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Meet 2024 Grantee: Body Empowerment Project

This year, the Spruce Foundation was honored to provide grants to four youth-serving nonprofits working to uplift Philadelphia’s young people and create a brighter future for the city as a result.

This week, we’re spotlighting the Body Empowerment Project, an organization working to decrease eating disorder risk in adolescents, equipping them with skills to live peacefully and healthfully in their bodies. Clara Pritchett, Executive Director, Amanda Moreno, Co-Founder and Board Co-Chair, and Christina Miranda, Co-Founder and Board Co-Chair, participated in these Q&As to shed light on their incredible impact.

What is your organization’s mission and how are you working to impact Philly youth?

Body Empowerment Project’s mission is to reduce eating disorder risk and give adolescents the skills to live peacefully and healthfully in their bodies through meaningful near-peer interactions. Our primary program, our youth program, is a 10-week school-based program with three main objectives:

  • Improve body image and self-esteem in adolescents
  • Decrease eating disorder risk
  • Create a supportive community with strong mentorship

Each program workshop is one hour long and consists of a series of student-led discussions, informational videos, individual reflections, and team-based activities. Workshops are led by local young people ages 18-25. In association with UPENN and CHOP, we conducted research on our program that shows it clinically significantly decreases eating disorder risk and increases body appreciation in our participants.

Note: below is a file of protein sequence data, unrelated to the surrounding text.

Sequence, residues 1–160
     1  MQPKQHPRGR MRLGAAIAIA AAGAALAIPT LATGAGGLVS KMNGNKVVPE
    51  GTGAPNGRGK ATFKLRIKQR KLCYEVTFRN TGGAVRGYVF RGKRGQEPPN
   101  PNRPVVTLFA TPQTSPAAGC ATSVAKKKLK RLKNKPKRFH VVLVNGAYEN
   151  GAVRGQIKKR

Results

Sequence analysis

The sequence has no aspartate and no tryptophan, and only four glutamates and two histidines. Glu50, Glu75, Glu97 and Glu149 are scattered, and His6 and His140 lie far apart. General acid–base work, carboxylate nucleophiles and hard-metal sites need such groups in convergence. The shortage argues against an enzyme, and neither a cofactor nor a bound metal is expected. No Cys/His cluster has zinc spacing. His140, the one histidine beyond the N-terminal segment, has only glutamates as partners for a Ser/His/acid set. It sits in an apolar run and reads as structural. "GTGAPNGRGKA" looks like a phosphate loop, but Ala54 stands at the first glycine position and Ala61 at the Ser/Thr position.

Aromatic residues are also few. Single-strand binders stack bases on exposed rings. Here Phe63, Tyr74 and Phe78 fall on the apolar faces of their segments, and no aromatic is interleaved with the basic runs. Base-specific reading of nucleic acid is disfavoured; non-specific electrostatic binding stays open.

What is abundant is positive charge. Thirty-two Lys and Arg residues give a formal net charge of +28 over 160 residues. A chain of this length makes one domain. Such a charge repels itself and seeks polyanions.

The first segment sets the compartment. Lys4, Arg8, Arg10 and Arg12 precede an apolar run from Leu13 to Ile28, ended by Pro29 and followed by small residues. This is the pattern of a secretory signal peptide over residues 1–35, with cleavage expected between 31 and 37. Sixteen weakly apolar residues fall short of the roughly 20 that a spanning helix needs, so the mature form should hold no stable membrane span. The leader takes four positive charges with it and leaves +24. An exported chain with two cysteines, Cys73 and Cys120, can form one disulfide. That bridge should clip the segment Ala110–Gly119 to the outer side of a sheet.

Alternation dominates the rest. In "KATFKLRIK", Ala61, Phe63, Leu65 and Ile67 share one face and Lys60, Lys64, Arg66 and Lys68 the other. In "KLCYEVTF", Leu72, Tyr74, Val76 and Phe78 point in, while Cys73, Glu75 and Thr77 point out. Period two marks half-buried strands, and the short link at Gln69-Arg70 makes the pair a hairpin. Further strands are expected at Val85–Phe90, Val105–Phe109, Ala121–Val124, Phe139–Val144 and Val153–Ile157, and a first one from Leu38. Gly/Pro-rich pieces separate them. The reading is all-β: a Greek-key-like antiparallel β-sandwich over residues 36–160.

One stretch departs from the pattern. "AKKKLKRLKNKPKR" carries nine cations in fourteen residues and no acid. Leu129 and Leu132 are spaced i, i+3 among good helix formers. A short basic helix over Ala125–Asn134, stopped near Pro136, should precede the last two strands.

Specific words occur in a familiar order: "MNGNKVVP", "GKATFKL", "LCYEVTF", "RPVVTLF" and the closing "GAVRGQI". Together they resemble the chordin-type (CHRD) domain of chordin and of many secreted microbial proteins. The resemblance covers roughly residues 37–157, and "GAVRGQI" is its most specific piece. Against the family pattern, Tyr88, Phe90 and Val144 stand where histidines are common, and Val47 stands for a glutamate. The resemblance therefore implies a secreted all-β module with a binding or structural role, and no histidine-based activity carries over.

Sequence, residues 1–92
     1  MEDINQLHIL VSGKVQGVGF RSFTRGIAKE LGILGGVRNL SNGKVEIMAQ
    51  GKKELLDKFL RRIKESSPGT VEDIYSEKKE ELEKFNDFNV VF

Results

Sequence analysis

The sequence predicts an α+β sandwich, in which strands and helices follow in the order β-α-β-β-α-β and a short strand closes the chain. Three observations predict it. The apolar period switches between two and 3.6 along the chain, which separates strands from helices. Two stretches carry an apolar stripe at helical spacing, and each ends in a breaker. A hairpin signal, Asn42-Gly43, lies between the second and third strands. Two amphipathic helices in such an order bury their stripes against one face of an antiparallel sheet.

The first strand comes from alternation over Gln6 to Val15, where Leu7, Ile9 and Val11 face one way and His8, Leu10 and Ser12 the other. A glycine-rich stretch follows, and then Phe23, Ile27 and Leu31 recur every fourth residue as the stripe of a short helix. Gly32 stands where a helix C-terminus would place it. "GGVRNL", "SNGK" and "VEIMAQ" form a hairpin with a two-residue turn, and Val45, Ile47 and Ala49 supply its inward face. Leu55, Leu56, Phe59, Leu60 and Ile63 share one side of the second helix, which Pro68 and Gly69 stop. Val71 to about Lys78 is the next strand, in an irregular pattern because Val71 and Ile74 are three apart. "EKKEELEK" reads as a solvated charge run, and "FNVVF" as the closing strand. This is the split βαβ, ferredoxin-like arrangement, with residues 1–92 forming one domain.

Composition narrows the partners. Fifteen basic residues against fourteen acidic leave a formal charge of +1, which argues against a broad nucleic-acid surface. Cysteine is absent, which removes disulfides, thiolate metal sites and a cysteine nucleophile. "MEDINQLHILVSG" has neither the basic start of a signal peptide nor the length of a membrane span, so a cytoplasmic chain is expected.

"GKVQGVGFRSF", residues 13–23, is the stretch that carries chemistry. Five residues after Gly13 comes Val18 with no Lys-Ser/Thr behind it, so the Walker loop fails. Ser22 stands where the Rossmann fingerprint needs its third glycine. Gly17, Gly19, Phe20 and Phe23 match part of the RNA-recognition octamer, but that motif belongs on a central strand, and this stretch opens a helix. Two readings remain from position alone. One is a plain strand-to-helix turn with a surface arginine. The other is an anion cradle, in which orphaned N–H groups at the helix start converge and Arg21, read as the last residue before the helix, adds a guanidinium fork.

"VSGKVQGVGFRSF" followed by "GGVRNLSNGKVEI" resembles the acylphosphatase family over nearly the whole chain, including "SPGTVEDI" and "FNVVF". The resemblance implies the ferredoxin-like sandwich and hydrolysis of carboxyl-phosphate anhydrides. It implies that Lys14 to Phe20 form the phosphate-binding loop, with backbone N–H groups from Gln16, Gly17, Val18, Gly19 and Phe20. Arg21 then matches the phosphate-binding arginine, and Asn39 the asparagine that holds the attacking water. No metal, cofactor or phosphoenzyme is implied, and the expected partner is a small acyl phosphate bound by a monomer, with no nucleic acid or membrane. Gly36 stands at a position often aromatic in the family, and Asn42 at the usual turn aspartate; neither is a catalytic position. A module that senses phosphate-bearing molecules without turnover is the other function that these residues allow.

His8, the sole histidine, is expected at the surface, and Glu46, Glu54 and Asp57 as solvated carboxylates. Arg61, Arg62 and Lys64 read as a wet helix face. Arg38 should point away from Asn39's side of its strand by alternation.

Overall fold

If your organization had a theme song, what would it be?

Pretty much anything by India Arie.

What’s a favorite memory during your time at your organization?

Any time I get to hear participants speak about the program is always a fond memory. We had a student speak as part of a pitch competition, and hearing her talk about what the program meant to hear was incredibly touching and beautiful. (I included some of her speech below). Not only was her speech amazing, having everyone in the audience tell her how amazing, beautiful, and brave she was and watching her light up was an incredible experience.

“This program was incredibly important to my friends and me. I saw other people who looked like, felt like, and understood me. People I identified with were exercising and feeling good in their bodies, which made me feel better in my own. This group opened a life-changing door for me that was a stepping stone into my self-love journey.”

In 10-20 years, what’s one thing you hope youth look back on and remember about being involved in your organization?

I hope that our students will take with them that no matter what messages they receive otherwise, their appearance, size, shape, or identities don’t change their worth or right to happiness, love, and self-expression.

What’s your vision for future generations in Philadelphia?

I envision a group of self-confident leaders and activists creating the change they want to see in their communities.

How will your Spruce grant help you see your vision through?

This Spruce grant will allow us to continue to expand our programming to new sites over the 2024-2025 school year. Additionally, being able to connect with people invested in our mission and vision for the future and youth-centered work broadly is invaluable. Lastly, being in a cohort of other organizations to be able to connect and collaborate can only elevate our work.


For over a decade, the Spruce Foundation has provided annual grants to local nonprofits that share our vision for a brighter future for Philadelphia’s young people. From our founding to present day, we’ve believed that empowering the next generation would sow seeds of lasting change in our city. We’re excited to recognize the Body Empowerment Project and each of our 2024 grantees for their impact.